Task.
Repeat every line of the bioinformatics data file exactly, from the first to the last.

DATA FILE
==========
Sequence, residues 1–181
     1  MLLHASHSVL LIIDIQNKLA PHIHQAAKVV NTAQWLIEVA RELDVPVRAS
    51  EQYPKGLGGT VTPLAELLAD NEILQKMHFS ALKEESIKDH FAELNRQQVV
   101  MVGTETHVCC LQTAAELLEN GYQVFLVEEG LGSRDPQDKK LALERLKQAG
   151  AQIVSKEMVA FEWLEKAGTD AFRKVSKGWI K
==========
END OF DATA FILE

Sequence, residues 1–181
     1  MLLHASHSVL LIIDIQNKLA PHIHQAAKVV NTAQWLIEVA RELDVPVRAS
    51  EQYPKGLGGT VTPLAELLAD NEILQKMHFS ALKEESIKDH FAELNRQQVV
   101  MVGTETHVCC LQTAAELLEN GYQVFLVEEG LGSRDPQDKK LALERLKQAG
   151  AQIVSKEMVA FEWLEKAGTD AFRKVSKGWI K